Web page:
Performancebike.com sold for $1.2m. Was it worth it?

Posted on February 7, 2019 • Written by Brad Anderson
Performance Bike Domain Name Sale

TL/DR – AMain gets a digital marketing boost with this $1.2m acquisition of the domain name peformancebike.com and related intellectual property.

Domain acquisitions are additive to an existing ecommerce business

One of the more interesting domain name purchases happened in Feb 2019 when Amarin, LLC purchased performancebike.com for $1,200,000. This purchase of domain names and IP out of bankruptcy court can be a good play for ecommerce shops.

About Performance Bike

Performance Bike was the largest and most well known general bicycle shop in the U.S. They had 100+ retail locations, several store brands including the rather ubiquitous FUJI brand, and performancebike.com. The TriCities Business Journal has a good piece that lays out the history of the M&A through the Chapter 11 filling (link at bottom).

About the purchaser AMain

AMain is a niche online and brick and mortar retailer based in Chico, California that sells hobby stuff (RC cars etc) and cycling gear. I’m not sure what the name means but I’ve misspelled it every-time that I wrote it until I saw their logo and began breaking it out as “A-Main”.

How to value domain name assets

There are many reasons for needing to value domain name assets in the digital marketing world from the spinning off of a division, to purchasing a business, to acquiring assets out of bankruptcy court protection (chapter 7s are the most common for this). For client transactions where we are advising on the value of a domain it starts with what a traditional digital marketing audit. Working through an abbreviated version of that process, and without inside knowledge of AMain’s ecommerce business we can come up with a good understanding if the transaction was financially prudent from the value of the digital marketing assets that were acquired.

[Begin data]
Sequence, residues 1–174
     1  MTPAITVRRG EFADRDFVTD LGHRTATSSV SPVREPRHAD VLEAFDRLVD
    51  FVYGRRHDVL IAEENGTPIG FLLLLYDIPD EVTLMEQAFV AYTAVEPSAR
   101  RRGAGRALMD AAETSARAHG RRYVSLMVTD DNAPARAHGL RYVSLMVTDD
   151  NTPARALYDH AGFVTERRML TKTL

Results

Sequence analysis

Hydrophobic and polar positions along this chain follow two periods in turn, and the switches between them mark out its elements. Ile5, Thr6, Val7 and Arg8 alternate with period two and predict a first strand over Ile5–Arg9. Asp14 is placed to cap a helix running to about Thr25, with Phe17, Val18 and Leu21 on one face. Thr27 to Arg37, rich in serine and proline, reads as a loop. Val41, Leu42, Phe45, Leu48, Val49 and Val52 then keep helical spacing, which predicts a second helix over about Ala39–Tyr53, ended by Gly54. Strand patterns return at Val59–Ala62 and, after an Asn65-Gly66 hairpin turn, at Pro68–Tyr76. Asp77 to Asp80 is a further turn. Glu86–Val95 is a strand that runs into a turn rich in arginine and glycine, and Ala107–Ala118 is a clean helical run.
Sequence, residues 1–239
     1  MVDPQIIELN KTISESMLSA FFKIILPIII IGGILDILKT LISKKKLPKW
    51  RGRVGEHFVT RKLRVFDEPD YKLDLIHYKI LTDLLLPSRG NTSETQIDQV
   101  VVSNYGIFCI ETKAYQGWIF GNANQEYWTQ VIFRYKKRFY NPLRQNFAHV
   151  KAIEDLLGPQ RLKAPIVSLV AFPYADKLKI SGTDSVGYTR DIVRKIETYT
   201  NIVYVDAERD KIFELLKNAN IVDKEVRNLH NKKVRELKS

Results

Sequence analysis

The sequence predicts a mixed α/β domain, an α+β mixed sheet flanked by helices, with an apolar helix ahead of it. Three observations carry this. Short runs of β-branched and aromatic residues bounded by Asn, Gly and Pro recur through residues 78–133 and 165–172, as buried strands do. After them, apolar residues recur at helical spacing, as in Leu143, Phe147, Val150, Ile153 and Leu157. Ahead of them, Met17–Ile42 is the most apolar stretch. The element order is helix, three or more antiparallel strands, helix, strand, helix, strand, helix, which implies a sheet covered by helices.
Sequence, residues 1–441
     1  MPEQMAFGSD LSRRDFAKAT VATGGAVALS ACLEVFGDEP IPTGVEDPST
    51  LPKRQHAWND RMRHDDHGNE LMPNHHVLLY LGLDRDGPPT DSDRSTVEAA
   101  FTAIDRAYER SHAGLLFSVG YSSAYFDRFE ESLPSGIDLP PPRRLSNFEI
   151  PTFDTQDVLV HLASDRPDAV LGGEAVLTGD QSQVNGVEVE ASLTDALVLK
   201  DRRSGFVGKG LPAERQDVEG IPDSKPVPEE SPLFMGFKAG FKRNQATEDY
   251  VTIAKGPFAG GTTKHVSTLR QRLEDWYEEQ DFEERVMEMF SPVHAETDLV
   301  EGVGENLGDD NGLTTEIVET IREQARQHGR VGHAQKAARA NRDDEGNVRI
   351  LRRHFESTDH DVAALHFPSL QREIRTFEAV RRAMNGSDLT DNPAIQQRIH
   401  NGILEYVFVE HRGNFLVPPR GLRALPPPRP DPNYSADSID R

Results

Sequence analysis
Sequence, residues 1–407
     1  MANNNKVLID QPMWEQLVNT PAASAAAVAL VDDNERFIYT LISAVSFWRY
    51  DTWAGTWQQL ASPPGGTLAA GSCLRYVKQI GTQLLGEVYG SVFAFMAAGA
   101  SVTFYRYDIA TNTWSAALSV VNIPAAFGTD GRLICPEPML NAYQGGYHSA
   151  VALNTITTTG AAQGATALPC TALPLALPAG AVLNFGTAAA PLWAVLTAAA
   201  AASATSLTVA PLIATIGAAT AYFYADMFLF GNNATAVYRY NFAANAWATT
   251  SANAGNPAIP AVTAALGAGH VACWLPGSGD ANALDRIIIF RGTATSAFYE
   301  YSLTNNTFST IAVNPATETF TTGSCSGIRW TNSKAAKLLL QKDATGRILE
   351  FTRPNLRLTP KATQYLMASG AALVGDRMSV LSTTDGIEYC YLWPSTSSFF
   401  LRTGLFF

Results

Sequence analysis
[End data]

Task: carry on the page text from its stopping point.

Understand the value of the transaction through the strength of the domain’s digital profile

It’s nice having a have a robust excel sheet that spits out a dollar value for a domain. What it does’t calculate is the intangible goodwill of a brand. That value is partially captured for understanding the number of brand searches however it takes a deft understanding of your niche to know how that translates in the consumer’s minds during and after the transaction and how long that goodwill will last.

Look at overlap of two domains

For search terms in Google AMain and Performance only had a 4% organic overlap. If AMain is able to replicate the number of SKUs that Performance offered and handle redirects appropriately they’re going to get an immediate boost in organic search visibility.

Given that Performance organic search traffic far out paces AMain’s, and the strength of the Performance brand, there is surely a discussion about which brand should survive.

Performancebike.com’s technology problems

It is difficult to judge a retailer negatively in a notoriously low margin business on not investing in technology. However, it is hard to write about Performance Bike without mentioning their technology issues. The shear antiquity of their POS system made it highly unlikely that they were using their purchase and consumer data in a meaningful way. While unlikely to be the reason for their downfall it did not help their cause if they didn’t leverage their scale to properly target consumers.

What we’ve ignored

1. We didn’t address the bike Nashbar IP assets as that’s an entirely different beast.
2. We didn’t look at the value of the customer list. It wasn’t clear from the public documents if AMain got access to the Performance customer list.

References:

History of Performance Bike until the Big 11 filling

https://www.amainhobbies.com/

https://www.bicycleretailer.com/industry-news/2019/02/02/tiger-group-wins-bid-buy-ase-assets

Brad Anderson

Written by Brad Anderson

Brad Anderson is the Executive Director and Founder of Fruition. Brad’s focus is supporting Fruition’s team to enable sustainable growth and excellent client satisfaction (EBITDA growth). With a strong statistical background, Brad built Fruition’s in-house software that is used to manage client success.

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